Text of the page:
Failure to communicate

I struggle to get my words out of my mouth. People assume it’s easy for me. I’m decently intelligent, I can write well. But I can’t always speak. It’s hard for me to communicate.

I didn’t have the best resources growing up. My parents didn’t communicate anything to anybody, even within their own extended family. Little socialization gave me little opportunity to learn from others. I didn’t have very many options, and I ended up being socially stunted. Then there was the regular threats not to speak to outsiders, which after a while just made me fearful of speaking to anyone.

My brother was nonverbal for a few years. He had extra help in school to catch up. He eventually did catch up, but it really set him back quite a bit (and I think that, in many ways, it allowed him to be manipulated to the severe degree that he was). Even so, everyone sort of just accepted that he wasn’t the best or the brightest. He had that rough start. Whatever he tried, he would get coddled and encouraged.

But me, no, it was different for me. I was the smart kid. No excuses. Whenever I couldn’t get words out, I was called dumb and stupid. You think you’re so smart, but you can’t even speak. I’d freeze in school, not because I didn’t know the answer; the answer was in my head the whole time. But I couldn’t get the answer from my head and out through my mouth. It would get muddled up in something — I don’t know what exactly — and wouldn’t come out right.

People didn’t understand. They just made it worse because their words hurt so much and only made it harder to speak. I’d say things only to have people confused about what I was saying. Then I’d get frustrated and give up. I felt like I was speaking a language no one else spoke. I felt alone. I’d tell myself that my mother was right; no one understands me.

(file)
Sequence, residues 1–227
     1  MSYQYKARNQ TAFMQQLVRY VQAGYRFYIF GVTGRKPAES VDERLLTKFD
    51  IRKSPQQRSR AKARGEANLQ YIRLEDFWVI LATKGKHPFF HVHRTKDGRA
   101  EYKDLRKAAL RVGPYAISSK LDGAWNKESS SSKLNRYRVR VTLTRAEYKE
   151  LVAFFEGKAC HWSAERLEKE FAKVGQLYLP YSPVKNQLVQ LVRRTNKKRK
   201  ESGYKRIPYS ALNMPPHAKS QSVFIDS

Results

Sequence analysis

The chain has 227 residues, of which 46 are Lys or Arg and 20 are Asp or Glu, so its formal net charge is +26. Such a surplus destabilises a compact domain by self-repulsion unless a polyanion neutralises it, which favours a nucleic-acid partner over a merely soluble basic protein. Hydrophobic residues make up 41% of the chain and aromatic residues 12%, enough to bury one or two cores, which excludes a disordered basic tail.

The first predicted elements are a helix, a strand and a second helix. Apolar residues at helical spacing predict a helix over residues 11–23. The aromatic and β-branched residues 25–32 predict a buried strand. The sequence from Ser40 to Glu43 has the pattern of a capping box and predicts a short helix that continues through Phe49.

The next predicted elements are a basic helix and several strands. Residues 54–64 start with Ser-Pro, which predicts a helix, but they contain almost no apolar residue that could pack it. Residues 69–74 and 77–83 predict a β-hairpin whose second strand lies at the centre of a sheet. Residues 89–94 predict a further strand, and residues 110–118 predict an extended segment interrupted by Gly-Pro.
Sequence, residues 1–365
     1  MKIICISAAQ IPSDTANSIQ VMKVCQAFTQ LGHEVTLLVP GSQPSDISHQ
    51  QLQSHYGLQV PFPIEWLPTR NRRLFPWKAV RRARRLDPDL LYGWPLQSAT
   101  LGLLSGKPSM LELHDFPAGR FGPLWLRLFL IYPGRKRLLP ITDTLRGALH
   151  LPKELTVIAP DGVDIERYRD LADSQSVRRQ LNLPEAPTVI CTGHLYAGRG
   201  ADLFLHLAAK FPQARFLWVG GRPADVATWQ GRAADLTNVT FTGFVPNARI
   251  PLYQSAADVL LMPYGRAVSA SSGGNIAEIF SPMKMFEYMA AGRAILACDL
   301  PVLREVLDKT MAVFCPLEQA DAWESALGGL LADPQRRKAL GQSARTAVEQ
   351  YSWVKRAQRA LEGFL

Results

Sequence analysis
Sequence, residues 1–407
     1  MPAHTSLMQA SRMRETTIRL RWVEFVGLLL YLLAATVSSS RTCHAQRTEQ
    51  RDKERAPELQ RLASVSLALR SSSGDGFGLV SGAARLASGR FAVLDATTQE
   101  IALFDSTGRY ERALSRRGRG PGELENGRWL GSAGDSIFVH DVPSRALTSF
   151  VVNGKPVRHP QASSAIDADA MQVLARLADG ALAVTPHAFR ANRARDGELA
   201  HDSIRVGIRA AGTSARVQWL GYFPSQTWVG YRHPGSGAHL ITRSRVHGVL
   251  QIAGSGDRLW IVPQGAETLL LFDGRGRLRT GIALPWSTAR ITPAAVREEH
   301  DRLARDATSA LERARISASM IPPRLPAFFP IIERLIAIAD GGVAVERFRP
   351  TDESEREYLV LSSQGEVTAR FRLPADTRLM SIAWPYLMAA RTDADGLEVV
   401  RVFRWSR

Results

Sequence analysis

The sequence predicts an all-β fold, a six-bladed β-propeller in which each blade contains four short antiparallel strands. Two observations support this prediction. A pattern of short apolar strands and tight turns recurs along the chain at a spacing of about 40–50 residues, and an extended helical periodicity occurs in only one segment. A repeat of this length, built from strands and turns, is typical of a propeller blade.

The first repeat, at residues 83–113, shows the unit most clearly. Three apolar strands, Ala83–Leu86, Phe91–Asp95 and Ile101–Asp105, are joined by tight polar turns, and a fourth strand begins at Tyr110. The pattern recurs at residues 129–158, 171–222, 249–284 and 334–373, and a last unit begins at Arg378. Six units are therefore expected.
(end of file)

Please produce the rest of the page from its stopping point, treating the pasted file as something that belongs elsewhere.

It’s no different now that I’m an adult. I can hold conversations sometimes, but other times, I am quiet and don’t respond. I’m not being rude, but unfortunately that’s how most people take it. I want to respond, I so badly want to respond. But I can’t get the words out and I don’t want people to think that I’m dumb. And seeming rude doesn’t hurt nearly as much as being dumb.

It’s a problem. Because no one wants to deal with my verbal vomit.

It’s a problem. Because I have so much to say and don’t know how to say it.

It’s a problem. Because I can’t ask for help when I need it, so I suffer in silence.

My therapist and I have been working on communication for some time now. There are many times I don’t speak in session because I don’t know how to say what’s inside of my head. My therapist knows that I’m thinking (apparently it shows on my face), and gently pushes me to speak about it. I tell her no, I can’t, it doesn’t make sense. She always assures me that it doesn’t always have to make sense.

Eventually I muster up the courage to talk out loud, but even still, I apologize profusely at the end of every sentence. My therapist sits and listens, and encourages me to keep going. But it’s dumb, I tell her. I’m not good at talking. She reminds me not to judge myself. She reminds me that there’s no such thing as being good at talking.

I’ve reached a minimal level of comfort with my therapist, a level at which I don’t always feel so afraid to speak out loud. She never judges me. She never calls me dumb. Sometimes it takes a while for us to translate what I’m saying, but other times she understands what I mean right away.

But how can I take that out in the real world? How can I get people to understand how hard it is for me to communicate my thoughts, to communicate my needs?

I need patience and understanding. Society doesn’t have time for that.

Asserting myself, Part 2